I found these alignment specs worked well:
Camber -1 all corners
Toe-in 0.0625 inch all corners
Love your transmission, and it'll do the same for you. Whatever gear oil you put in it (& the 3rd member too), it doesn't matter if it's dino or synthetic as long as it meet the proper specs. Miata transmissions have a long history of being somewhat cantakerous when cold. They also can be notchy. However, it you take it easy in your movements through the various gears, you'll discover a smoothness and fluidity to your shifts with practice. Remember you are the student and the transmission is the master. The Japanese way is to be humble and cooperative while the transmission instructs you in its mysterious ways! Finally change the hydraulic fluid every couple of years or better yet put a synthetic in.
Finally, the last subject is CAI or cold air intakes! I examined the stock airbox, and it appears to be a well designed unit. From the air box, a tube runs out to the nose of the car and makes a 90 degree bend. After the bend, there is a tube to suck air out of the nose. This air is as cool as it is going to get, because fresh air entering the front of the car. Also the engine sucks air in, so I don't see any advantage to a ram air effect locating the air pickup point down lower. However, a CAI might make more noise than the stock unit, but one could acheive that with a K&N filter. But there has always been debate over the effectiveness of it in regard to providing the engine with "clean" air. I don't believe it would do any harm, and most owners would have sold the car before it did. Anyway, I stuck one in. BTW, save a couple of bucks and order the K&N panel filter online directly from K&N:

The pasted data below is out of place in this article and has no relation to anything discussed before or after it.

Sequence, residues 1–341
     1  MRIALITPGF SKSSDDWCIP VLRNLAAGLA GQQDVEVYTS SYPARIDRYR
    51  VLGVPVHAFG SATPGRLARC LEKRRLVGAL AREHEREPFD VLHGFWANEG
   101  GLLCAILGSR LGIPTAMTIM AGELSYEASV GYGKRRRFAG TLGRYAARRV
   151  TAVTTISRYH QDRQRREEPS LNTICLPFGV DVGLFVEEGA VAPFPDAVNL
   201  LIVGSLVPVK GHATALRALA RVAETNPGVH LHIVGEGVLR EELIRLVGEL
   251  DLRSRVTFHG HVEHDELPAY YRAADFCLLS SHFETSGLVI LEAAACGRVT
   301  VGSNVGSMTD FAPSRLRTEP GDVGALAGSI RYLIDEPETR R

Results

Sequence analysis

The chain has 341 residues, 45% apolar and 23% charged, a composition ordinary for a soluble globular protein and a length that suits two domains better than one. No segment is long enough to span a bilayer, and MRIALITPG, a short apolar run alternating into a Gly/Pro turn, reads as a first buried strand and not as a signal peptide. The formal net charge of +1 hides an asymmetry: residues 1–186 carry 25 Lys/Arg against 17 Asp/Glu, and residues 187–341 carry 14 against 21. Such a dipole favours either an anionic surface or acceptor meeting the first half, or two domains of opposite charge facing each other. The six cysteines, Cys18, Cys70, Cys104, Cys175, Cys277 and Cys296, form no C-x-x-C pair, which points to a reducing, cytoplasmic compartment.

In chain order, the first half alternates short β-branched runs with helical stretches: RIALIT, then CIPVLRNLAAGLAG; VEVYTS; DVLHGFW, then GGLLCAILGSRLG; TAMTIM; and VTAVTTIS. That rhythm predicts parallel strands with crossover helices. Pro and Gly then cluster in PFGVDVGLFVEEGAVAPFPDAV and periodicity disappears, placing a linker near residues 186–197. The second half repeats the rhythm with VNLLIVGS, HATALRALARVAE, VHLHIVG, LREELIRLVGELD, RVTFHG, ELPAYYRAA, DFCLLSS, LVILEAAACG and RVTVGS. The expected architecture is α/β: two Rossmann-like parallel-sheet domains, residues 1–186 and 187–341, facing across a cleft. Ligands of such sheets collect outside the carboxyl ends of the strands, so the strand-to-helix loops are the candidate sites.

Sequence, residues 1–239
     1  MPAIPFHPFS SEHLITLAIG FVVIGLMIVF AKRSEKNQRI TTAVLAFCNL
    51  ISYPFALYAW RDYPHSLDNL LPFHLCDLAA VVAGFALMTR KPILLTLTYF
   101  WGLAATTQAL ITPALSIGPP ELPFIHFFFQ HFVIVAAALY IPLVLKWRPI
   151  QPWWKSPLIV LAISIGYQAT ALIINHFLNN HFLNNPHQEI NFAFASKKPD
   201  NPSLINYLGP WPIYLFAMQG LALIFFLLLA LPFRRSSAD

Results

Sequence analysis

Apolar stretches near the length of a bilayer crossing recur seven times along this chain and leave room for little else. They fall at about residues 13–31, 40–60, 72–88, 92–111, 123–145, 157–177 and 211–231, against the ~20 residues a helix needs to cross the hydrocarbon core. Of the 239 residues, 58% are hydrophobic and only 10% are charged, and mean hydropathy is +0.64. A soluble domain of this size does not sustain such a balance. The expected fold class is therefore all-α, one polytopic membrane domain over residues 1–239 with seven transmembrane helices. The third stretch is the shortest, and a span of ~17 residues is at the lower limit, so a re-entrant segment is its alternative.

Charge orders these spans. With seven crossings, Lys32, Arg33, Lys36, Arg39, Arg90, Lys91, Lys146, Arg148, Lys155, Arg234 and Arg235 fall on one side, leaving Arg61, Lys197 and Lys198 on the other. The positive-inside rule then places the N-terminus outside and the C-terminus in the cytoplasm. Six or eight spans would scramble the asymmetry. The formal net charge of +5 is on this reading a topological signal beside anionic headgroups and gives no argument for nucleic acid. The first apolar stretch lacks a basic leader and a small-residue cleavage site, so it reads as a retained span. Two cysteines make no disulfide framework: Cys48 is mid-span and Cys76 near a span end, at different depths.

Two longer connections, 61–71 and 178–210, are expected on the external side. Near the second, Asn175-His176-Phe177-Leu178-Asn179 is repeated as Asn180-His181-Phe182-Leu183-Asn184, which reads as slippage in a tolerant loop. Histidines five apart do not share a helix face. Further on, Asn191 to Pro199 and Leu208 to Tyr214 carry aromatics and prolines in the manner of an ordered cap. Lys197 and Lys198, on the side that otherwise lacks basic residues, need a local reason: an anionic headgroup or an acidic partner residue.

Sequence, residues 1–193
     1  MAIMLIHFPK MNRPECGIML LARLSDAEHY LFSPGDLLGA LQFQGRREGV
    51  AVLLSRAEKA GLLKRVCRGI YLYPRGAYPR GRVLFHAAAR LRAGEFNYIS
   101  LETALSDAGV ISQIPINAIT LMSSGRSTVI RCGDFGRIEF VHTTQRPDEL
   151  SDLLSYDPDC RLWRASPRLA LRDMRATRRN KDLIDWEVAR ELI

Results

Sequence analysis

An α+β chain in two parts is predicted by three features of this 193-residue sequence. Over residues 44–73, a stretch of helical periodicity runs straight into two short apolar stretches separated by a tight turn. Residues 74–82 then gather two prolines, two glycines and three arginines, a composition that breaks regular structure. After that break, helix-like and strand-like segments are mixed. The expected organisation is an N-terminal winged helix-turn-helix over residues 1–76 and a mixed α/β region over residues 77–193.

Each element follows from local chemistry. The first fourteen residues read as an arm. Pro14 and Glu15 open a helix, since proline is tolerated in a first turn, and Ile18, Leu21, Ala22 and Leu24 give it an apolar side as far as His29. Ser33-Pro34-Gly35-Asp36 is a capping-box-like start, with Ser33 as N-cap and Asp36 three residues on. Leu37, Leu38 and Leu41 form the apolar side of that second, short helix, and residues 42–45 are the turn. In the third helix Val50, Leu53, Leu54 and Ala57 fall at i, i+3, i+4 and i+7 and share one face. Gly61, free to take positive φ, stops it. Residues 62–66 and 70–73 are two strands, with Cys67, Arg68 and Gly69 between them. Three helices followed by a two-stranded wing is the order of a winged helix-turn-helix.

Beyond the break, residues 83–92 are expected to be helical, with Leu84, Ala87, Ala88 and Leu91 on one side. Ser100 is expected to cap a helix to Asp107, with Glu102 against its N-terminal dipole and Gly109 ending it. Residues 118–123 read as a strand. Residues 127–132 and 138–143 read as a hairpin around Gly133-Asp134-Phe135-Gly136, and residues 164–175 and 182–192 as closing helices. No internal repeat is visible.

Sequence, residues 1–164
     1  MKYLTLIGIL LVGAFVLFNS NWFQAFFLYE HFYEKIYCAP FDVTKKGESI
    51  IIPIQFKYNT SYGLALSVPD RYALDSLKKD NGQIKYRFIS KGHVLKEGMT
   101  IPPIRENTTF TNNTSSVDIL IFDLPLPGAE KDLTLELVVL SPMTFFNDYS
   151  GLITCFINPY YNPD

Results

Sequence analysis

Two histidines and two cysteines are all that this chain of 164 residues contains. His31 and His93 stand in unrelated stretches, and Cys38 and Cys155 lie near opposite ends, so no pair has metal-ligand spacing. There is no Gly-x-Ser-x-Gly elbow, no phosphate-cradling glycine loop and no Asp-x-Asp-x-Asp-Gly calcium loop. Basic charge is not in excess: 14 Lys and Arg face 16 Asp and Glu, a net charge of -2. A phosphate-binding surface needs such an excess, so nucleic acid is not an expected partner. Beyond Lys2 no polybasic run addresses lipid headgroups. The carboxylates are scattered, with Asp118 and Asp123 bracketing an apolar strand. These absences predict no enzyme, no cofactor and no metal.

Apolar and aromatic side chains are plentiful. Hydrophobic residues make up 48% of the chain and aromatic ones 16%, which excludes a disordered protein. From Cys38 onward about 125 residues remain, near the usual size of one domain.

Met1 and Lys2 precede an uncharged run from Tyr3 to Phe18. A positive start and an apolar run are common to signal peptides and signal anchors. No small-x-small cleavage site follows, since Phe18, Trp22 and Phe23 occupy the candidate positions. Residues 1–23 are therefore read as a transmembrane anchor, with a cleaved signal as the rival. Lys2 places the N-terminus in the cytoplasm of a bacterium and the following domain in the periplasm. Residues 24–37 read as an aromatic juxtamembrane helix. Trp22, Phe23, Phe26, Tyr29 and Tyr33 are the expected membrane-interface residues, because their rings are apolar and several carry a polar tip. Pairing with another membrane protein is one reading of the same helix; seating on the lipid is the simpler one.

Saddly I won't be buying FI in any form. They'd have to be plug & play before I'd pay. The reasons are simple. My life is way too busy and complicated enough to be annoyed with all the rigamarole involved in the care and feeding of one. I will make a prediction though. If any mfg wants to sell them, he had better make sure they are user friendly.
Happy trails pardners!